I finished The Wall Street Journal’s Op-Ed on the Republican debates and realized it was by Karl Rove. I shuddered. Why? For the obvious reason — it being written by Karl Rove — but also because I agreed with it.
I might as well have been reading a ghost story before falling asleep.
I’ve never shared anything in common with Karl Rove, but frightfully I nodded thoroughly in concordance with his statement, “the economy will remain the election’s No. 1 issue. The strength and fluency of candidates in offering a compelling agenda for growth, jobs, fiscal discipline and reform will eventually play the biggest role in settling the contest.”
However, any former adviser, pundit or anyone moderately living above bedrock could make that blanket conclusion about the incumbent election. The absorbent nature of the economy has been America’s greatest concern.
But GOP candidates have been pinning their fellow Republican opponents to different controversial issues. The candidates are not primarily focused on the economy probably because the most divisive issue on any candidate’s platform.
In recent debates, Rick Perry discussed states usurping Social Security, stating Social Security is a Ponzi scheme, but then later discussed federal reform. Mitt Romney hasn’t clarified the reasoning for his health care plan in Massachusetts beyond explaning the Tenth Amendment.
The Republican party is dancing around the major discussion on the economy and avoid a clear objective with how they want to tackle it as an organization.
The GOP polls are volatile changing daily with additional candidates joining the bandwagon. Just a week ago RealClearPolitics stated former Massachusetts Governor Mitt Romney lead the race at 23.3 percent with Texas Governor Rick Perry legging it behind at 23 percent. Now Herman Cain came out like a bat from Godfather’s Pizza and currently stands at 18.3 percent with Romney at 21.7 and Perry down to 14.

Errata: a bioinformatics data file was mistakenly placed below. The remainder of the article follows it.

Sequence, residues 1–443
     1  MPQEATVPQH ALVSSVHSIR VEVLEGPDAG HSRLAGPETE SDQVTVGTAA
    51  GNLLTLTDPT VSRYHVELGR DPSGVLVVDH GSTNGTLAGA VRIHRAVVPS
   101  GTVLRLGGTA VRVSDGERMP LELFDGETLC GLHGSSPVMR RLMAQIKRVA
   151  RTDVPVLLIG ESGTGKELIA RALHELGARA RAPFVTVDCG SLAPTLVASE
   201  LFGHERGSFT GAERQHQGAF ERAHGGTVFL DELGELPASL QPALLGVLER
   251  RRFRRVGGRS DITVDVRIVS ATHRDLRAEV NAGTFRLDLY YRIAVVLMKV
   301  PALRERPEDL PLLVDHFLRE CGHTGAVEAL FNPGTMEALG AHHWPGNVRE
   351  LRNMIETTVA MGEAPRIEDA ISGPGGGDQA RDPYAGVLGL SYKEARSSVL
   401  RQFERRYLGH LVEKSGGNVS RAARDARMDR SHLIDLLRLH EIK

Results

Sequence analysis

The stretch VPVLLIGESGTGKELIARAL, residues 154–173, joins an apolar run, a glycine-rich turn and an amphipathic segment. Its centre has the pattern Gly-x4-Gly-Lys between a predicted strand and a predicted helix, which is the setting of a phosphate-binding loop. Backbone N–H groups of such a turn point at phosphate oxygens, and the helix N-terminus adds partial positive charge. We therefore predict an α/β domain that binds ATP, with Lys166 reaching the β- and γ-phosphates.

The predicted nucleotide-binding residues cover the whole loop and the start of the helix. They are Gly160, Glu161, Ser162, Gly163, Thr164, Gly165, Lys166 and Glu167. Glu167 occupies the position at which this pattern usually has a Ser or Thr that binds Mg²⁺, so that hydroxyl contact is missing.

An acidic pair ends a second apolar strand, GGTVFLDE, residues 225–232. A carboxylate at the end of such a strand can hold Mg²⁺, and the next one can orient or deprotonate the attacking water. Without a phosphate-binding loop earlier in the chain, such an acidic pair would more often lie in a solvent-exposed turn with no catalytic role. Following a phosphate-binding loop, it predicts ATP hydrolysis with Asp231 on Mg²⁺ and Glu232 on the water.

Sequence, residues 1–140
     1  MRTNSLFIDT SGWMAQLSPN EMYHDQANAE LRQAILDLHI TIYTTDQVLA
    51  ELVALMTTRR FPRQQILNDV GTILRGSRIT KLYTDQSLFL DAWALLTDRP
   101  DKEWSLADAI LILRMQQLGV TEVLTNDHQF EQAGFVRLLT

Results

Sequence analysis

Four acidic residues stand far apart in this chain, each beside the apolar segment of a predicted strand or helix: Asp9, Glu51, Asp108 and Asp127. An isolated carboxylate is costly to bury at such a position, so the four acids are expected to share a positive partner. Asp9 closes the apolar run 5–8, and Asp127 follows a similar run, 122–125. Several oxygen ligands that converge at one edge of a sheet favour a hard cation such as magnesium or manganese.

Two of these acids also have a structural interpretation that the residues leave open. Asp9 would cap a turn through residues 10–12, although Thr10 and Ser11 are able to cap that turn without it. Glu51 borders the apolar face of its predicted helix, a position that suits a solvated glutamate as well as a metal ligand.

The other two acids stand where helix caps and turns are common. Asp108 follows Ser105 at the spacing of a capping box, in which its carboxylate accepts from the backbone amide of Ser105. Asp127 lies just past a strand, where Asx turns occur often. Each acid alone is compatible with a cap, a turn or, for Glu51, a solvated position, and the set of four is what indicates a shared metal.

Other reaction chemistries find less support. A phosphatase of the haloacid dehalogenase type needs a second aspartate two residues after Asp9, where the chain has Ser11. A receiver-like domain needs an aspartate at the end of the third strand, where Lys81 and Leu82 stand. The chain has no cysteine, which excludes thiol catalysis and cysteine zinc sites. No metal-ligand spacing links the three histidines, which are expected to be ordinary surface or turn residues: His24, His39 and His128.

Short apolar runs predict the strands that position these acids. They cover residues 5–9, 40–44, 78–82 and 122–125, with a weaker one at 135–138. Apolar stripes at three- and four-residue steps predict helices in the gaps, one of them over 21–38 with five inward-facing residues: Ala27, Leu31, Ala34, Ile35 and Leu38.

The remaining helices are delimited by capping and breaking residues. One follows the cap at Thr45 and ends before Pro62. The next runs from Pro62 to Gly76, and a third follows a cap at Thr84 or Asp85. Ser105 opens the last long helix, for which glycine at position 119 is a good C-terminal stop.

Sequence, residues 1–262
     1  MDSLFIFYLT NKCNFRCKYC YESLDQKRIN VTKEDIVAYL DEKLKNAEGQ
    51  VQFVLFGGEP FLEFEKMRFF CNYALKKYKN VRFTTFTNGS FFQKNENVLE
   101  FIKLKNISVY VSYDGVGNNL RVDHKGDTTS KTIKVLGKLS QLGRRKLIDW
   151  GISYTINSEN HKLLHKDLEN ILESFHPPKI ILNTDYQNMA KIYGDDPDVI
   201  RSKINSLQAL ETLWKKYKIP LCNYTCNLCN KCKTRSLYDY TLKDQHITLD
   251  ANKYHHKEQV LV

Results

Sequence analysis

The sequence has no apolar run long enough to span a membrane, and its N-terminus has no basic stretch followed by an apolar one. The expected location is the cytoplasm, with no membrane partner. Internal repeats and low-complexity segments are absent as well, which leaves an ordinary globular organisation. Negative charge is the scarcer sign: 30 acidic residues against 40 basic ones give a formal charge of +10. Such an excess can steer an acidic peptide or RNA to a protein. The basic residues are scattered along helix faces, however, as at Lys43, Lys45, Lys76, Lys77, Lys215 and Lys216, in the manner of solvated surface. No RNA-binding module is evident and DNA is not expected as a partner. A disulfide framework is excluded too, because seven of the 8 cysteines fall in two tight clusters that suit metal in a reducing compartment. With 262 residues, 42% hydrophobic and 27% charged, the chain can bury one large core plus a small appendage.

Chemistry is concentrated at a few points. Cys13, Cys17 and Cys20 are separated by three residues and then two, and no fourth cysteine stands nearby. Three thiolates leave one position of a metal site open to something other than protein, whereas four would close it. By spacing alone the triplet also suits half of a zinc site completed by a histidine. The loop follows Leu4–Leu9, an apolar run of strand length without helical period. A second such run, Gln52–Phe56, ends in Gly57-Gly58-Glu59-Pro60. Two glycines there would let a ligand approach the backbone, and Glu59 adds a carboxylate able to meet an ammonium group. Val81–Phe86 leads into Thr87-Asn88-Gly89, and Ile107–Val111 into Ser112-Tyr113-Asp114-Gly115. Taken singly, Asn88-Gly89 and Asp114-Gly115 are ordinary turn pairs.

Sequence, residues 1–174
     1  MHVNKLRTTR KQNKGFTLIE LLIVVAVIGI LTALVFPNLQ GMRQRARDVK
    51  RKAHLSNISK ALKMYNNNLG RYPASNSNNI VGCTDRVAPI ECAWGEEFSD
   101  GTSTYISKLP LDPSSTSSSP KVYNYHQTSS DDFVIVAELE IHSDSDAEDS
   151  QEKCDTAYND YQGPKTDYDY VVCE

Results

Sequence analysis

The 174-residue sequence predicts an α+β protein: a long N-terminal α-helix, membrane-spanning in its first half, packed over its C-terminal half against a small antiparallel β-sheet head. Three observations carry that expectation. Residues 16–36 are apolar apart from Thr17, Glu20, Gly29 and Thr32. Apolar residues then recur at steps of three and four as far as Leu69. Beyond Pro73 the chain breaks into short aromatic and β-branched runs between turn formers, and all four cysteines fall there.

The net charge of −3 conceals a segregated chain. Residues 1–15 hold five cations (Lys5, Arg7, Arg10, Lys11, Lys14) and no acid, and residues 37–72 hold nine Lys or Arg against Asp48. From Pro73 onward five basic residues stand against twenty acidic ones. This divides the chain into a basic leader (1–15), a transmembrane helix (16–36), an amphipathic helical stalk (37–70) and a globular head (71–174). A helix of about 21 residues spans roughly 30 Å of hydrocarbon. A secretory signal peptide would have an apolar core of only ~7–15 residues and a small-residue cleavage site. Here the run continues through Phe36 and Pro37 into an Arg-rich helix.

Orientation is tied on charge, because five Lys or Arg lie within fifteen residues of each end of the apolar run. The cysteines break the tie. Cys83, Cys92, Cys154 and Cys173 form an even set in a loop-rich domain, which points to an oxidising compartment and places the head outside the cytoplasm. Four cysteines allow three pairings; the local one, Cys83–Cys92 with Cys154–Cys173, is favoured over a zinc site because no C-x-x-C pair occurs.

No other candidates, like Ron Paul or Michelle Bachmann, have substantial numbers — they are both in the single digits despite their continued presence on the media landscape.
Bachmann spouts, “If there was any election where we conservatives don’t settle, it’s this election.”
When you never settle, or compromise it is difficult to garner the independents and Republicans who don’t necessarily fall into the pot of the Tea Party.
Former Republican Governor of Utah, Jon Huntsman, Jr. was quoted in The New York Times saying, “To win in 2012 and beyond we must appeal to the Tea Party and conservative Republicans.” The Grand Old Party must also win the “moderates, independents, and yes, conservative Democrats.”
This wasn’t a plea to abandon “the core principles” as he mentioned, but 2012 isn’t the election to avoid non-divisive issues considering the threat of a double-dip depression and faltering social programs.
Eventually one party will concede and the new or continued policy will be on track.
A broad election appeal is a myth, the unicorn of 2012 election, with the country’s economy always knocking for attention. We are beyond sidestepping the big elephants in the room; Obama clearly drew the line in the sand with the tax code and the current judicial scuffle over Health Care’s constitutionality poses another issue that will divide the American public, no matter the decision.
Republican objectives hope to win as many middle voters as possible, but there isn’t any blanket bill, platform or agreement where both Democrats and Republicans will link arms across the Senate floor without some form of concessions.
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